If the sequel does anything of note, it is Sarah and Juno’s reconciliation. It indeed comes across as syrupy, convenient, and too tidy, but there is a sense of satisfaction about seeing two at-odds friends come through for one another in their hour of need. In the first film, Sarah could not put her personal feelings aside, at least until they all left the cave, and ultimately her grief and emotions got the best of her. She was unable to compartmentalize her feelings like Juno. It also never dawned on Sarah that Juno was mourning someone she loved as well. Messy and deceitful as the affair was, Juno clearly meant a lot to Sarah’s husband. Hence Sarah returning the token of that love — the necklace — to Juno.
Neil Marshall has called the sequel “totally unnecessary,” but he also said of The Descent Part 2, “I think it doesn’t take away from the first movie.” Both statements are valid, and one’s enjoyment of the first film cannot be undone by this more crudely written and shot follow-up, no matter how hard it tries. If nothing else, the sequel has senseless Crawler action in spades, and there is an attempt at a happier ending for those who found the original film’s conclusion too gloomy. The strange, last-second twist would have suggested another sequel was in the cards. Wisely, one never came to fruition. One mediocre and needless sequel is forgivable, yet a series of them is not.
Horrors Elsewhere is a recurring column that spotlights a variety of movies from all around the globe, particularly those not from the United States. Fears may not be universal, but one thing is for sure — a scream is understood, always and everywhere.
Pictured: Shauna Macdonald as Sarah in The Descent Part 2
Paul Lê is a Texas-based, Tomato approved critic at Bloody Disgusting, Dread Central, and Tales from the Paulside.
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At this year’s Gamescom we tried to stack our schedule with as many horror (or horror-adjacent) titles as we possibly could.
Rushing around the expansive halls of the Koelnmesse venue — trying to make each of our back-to-back appointments — we barely had chance to catch our breath across the jam-packed three days we were there. Among other things, we previewed nearly an hour of Alan Wake 2, got the inside scoop on Still Wakes the Deep, had a lengthy hands-on session with Lords of the Fallen, and then went on a perilous expedition into the bowels of Moria.
But that only represents a small fraction of the exciting projects we saw here. In addition to those big tentpoles, we also took a look at the efforts of some plucky solo devs and indie studios who’ve been working away on interesting little titles that you might be sleeping on.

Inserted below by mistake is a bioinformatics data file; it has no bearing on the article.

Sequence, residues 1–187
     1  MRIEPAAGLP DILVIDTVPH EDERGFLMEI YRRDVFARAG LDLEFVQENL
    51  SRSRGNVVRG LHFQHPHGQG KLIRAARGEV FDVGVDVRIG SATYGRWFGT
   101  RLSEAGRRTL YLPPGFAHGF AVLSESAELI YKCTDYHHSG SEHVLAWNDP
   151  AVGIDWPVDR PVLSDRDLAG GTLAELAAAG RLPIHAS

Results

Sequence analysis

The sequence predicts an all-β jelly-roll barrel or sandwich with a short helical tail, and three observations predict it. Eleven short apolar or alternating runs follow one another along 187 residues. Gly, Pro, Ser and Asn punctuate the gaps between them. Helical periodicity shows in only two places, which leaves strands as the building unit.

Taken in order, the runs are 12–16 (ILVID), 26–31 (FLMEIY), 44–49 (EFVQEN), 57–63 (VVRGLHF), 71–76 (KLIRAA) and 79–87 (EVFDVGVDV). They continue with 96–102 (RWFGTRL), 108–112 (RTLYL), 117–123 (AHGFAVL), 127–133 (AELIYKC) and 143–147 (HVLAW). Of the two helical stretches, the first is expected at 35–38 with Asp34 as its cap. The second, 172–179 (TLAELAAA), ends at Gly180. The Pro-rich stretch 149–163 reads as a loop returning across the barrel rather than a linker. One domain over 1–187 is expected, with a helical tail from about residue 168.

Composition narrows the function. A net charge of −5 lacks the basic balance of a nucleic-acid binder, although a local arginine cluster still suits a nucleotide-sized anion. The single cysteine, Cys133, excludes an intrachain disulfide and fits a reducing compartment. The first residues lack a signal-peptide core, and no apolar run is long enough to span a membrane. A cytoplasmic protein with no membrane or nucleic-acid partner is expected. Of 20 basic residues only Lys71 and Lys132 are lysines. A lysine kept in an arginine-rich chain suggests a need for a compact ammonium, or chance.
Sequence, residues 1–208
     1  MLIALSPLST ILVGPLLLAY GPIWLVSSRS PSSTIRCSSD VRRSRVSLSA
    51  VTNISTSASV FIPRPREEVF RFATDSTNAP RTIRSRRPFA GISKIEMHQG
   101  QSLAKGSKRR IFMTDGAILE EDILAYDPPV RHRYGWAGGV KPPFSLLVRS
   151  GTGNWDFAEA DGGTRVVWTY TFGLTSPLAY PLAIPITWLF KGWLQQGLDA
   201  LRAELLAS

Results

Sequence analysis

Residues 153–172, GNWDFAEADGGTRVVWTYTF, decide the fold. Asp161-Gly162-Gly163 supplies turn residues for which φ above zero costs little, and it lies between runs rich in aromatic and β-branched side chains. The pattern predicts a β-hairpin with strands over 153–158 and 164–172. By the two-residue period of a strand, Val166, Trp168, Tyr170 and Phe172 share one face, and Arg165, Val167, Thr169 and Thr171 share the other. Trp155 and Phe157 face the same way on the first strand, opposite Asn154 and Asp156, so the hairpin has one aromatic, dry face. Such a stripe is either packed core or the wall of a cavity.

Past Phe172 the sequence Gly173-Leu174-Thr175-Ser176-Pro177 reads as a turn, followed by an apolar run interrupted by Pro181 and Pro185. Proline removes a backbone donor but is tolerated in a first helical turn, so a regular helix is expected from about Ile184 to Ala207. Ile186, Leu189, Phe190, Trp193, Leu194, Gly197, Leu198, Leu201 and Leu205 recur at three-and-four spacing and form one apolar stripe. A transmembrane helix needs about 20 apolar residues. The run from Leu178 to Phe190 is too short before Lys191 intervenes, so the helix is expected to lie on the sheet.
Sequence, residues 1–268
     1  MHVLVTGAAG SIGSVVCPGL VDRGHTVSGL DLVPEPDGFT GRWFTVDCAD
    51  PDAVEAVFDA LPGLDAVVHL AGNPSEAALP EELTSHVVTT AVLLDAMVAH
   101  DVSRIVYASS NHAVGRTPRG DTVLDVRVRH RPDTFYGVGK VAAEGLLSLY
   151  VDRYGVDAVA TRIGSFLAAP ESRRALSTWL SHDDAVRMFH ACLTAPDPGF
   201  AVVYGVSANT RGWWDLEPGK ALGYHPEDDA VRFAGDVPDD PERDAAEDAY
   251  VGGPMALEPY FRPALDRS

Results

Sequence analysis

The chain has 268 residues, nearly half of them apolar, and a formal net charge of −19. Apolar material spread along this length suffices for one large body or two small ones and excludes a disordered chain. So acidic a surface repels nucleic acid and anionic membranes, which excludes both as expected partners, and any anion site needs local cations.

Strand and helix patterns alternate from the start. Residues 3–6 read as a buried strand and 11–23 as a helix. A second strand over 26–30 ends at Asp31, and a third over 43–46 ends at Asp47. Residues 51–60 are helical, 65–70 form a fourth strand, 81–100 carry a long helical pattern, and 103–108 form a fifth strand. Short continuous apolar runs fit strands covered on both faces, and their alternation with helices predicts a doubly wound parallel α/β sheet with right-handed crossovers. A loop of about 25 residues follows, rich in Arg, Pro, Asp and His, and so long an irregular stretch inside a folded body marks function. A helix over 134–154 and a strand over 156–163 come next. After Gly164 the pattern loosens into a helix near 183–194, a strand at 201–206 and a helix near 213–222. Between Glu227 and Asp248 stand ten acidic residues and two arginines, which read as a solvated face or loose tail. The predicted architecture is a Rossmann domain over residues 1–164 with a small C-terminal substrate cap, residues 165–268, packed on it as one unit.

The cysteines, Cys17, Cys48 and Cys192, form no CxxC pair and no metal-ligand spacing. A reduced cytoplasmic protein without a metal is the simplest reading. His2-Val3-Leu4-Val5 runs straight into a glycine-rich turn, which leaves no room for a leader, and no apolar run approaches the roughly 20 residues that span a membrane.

Here are 9 of the best that we think you should be on your radar.
There’s been something of a resurgence lately in old-school survival horror, with scores of indie releases trying to ape the feel of PSOne classics like Silent Hill. Between Puppet Combo’s Murder House and last year’s phenomenal SIGNALIS, you’d be forgiven for thinking that the 1990s never went away.
CONSCRIPT is yet another example of a game that’s hoping to tap into this nostalgic craze. It has all the elements you’d expect to see in one of these throwbacks; from the low-res visuals to the top-down perspective, deliberately stilted combat, and obtuse puzzles.
However, what sets it apart from all the other titles that are cashing in on this voguish trend is its unique period setting. Dropping players into the trench boots of a French infantryman (at the infamous Battle of Verdun), CONSCRIPT renounces the schlocky thrills of Raccoon City or Derceto Manor, in favour of the very real atrocities of WW1.
A much more human enemy substitutes for the usual zombie throngs here, as you futilely try to repel the advancing German forces. On that note, none of the threats that you’ll be facing were concocted in a secret lab by avaricious supervillains, nor is there anything remotely supernatural afoot. It’s just the everyday horrors of war; pure and simple.
Explaining the concept to us at his Gamescom booth, Solo Developer (and history graduate) Jordan Mochi said: “We’ve all played enough survival horror titles that have monsters and ghosts. And I didn’t want to do that in my game, because I felt it would just cheapen the experience. I believe that depicting one the world’s bloodiest conflicts should be scary enough in its own right.”
On that point, we’re inclined to agree. After all, the short demo of CONSCRIPT that we played assured us that Mochi has been able to do justice to his heady subject matter. Indeed, his game envelops you in the hell of trench warfare, and authentically conveys the sense of impending doom that comes with harbouring the terrible knowledge that you may have to go over the front lines at any moment. Published by Team17, you can add CONSCRIPT to your Steam Wishlist now.
Hellboy: Web of Wyrd
Through no fault of its own, this one has a bit of a pall hanging over it, given that it features a posthumous performance from the late Lance Reddick.
For what it’s worth, we think he’s done a great job in the lead role here and brings a suitably cantankerous quality to his portrayal of Anung Un Rama. It’s pitch-perfect voice casting and you could envision him having one day become synonymous with the part (much like how Mark Hamill made the Joker his own) had circumstances been different.
In general, Hellboy: Web of Wyrd is shaping up to be a faithful adaptation of its source material that will no-doubt please fans. Created in partnership with Dark Horse and original creator Mike Mignola, it nails the recognisable art style of those comic books by seamlessly translating it into 3D. With thick heavy lines, bold colours, minimalist detailing and heavy shadows — plus a deliberately lower frame rate in certain places, recalling the Spider-Verse films — it’s a veritable feast for the eyes.
Elsewhere, Mignola’s world-building and lore have been respectfully preserved too, with one notable exception. This version of Big Red has had to quit chomping on cigars, not for the sake of his health, but rather for the game to secure its desired ESRB rating.